• My experience tells me that topical numbing drops are not very useful.
  • Remember, the eruption of teeth is not a real painful process in older children, so why should it be such a problem for younger children?  Think about it.

 

 

 

Thanks for joining me for this podcast.  If you learned something and I was able to enhance your understanding of a pediatric topic, that is great.  Feel free to check out other discussions of pediatric topics by exploring my website, DocSmo.com.  Get your free pediatric education with a simple click of your finger.  A mom told me the other day that she downloaded all of my content and made her husband listen to them on the a particularly long car ride.  Dad, I am sorry for that… 73 posts to date!  Wow.  This is Dr. Paul Smolen broadcasting from the Low Country of SC, hoping you got a little schooling on your child’s drooling.

 

Until next time.

 

 

1. http://www.webhttp://www.mayoclinic.com/health/teething/

2. http://www.mayoclinic.com/health/teething/FL00102

3. http://pediatrics.about.com/od/teething/a/0107_teething.htm

 

 

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From the desk of Doc Smo: Swimmer’s Ear Prevention 101 (Article)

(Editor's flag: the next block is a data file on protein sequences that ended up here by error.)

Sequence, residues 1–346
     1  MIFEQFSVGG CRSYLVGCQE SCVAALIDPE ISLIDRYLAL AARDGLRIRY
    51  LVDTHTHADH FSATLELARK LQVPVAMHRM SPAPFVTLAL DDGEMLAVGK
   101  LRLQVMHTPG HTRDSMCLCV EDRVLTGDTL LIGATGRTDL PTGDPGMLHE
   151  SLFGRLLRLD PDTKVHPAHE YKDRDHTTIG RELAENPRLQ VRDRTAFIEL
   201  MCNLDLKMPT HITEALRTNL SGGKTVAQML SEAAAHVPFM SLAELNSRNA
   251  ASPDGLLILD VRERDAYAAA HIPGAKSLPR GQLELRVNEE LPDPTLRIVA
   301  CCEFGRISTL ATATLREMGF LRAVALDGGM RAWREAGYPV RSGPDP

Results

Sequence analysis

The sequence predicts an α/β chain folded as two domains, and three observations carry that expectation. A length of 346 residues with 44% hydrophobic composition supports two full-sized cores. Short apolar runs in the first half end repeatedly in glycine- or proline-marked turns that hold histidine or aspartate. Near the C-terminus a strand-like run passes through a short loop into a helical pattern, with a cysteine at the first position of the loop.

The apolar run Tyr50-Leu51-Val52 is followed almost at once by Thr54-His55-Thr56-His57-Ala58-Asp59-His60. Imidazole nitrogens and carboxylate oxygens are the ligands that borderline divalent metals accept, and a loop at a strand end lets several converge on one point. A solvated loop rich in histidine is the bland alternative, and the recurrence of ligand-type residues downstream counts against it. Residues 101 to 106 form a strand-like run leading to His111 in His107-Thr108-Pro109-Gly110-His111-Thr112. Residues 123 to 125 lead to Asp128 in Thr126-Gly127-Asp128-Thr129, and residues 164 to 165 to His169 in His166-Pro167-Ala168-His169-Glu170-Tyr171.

If you have ever had it, you know Swimmer’s Ear hurts like crazy. However, most people have no idea what Swimmer’s Ear is and what causes it. Well, lets fix that right now. To understand the cause, we need to start by gaining an understanding of the architecture of the ear and how it is different than other places in the body. The ear canal is a dark tunnel lined with skin that is often very damp, especially in warmer weather. Water frequently gets in but gets trapped by the shape of the ear canal. Well, what happens to water anywhere it sits around without movement, especially when it’s at body temperature? You know it, yuk grows in it! This is especially true in your ear canal when you are in and out of water all day. Once the water enables fungus and bacteria to grow in the ear canal, it is easy to see how these microbes can infect the surrounding skin. Swelling occurs to the point that the ear canal can literally be shut, making things much worse. Oh man, that can hurt!